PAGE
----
Last year, the Dawn newspaper in a scathing editorial said Gwadar port has long been portrayed as the jewel in the CPEC crown, but in the process, the city has become the very embodiment of a security state with government focussing on securing the port and its ancillary interests while neglecting the welfare of the local people.

“Far from the port being a harbinger of an economic boom, the opposite has happened. Existing privations have deepened; people’s mobility is restricted by security forces and there is unwarranted questioning of their activities. Many say they are made to feel like strangers in their own land, it said.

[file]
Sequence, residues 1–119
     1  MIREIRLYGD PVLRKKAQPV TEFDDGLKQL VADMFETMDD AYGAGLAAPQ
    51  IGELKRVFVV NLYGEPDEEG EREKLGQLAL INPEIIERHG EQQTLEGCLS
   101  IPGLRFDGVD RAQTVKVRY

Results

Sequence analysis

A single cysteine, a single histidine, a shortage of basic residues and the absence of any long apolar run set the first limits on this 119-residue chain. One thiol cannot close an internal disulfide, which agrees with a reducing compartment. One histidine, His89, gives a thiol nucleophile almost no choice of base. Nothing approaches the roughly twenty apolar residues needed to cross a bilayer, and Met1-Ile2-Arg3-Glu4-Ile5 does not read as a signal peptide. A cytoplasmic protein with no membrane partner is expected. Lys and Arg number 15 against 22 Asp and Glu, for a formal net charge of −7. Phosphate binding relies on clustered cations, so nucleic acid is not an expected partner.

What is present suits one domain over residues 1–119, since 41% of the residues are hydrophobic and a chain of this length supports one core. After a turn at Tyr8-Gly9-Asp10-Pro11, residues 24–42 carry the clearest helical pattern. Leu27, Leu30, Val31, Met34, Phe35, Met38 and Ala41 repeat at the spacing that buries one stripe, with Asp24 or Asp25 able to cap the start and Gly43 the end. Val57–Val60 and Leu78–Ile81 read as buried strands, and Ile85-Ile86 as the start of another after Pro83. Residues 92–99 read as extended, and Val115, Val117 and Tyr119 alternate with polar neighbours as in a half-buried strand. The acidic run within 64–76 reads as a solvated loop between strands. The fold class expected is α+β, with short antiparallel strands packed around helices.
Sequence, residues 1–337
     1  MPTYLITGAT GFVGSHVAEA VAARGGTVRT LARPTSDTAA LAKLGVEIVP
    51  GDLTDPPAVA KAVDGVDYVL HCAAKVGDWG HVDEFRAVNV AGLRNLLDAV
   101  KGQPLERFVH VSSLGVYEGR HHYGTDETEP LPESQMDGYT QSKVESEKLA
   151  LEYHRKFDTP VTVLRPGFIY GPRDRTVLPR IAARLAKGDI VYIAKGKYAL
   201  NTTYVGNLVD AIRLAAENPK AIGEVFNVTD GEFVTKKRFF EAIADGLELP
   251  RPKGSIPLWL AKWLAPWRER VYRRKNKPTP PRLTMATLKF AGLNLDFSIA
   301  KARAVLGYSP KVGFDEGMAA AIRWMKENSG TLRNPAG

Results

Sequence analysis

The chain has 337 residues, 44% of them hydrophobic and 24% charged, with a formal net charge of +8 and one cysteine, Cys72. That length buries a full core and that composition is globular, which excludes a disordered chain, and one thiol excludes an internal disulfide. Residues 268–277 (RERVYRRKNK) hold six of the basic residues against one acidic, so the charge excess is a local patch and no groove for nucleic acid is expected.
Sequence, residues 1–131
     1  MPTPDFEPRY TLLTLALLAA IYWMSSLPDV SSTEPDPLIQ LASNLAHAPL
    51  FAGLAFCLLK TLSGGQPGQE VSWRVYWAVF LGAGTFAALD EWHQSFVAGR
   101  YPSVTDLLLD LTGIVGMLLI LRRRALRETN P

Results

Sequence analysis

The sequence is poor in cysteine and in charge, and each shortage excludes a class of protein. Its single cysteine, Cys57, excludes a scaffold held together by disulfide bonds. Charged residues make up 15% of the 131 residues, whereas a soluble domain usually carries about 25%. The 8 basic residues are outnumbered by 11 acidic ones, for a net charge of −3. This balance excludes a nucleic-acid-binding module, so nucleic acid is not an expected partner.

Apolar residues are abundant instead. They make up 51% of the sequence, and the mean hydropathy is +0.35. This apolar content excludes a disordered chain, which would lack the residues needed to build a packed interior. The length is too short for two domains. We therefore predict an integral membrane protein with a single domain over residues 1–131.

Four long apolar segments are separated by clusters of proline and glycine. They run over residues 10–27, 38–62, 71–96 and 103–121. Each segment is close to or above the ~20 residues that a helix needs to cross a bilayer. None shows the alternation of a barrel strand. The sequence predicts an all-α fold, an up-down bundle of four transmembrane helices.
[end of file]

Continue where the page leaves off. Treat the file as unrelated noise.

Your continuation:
A large number of local fishermen also complain that the Pakistan government has issued licences to Chinese trawlers to fish in the waters off the Balochistan coast further squeezing their livelihoods.

Gwadar is pivotal to CPEC as it is the end point of the controversial project over which India has objected to China as it is being laid through Pakistan-Occupied Kashmir (PoK).

CPEC connects Gwadar located on the Arabian sea coast close to Iran with China’s Xinjiang province. The project, which is being laid through Karakoram highway, provides China access to the Arabian Sea.

Pakistan has handed over Gwadar port development to China, sparking concerns that it could in the long run become a Chinese naval base.

Defending the Chinese projects in Pakistan, Mao said the Gwadar port is a flagship port of CPEC.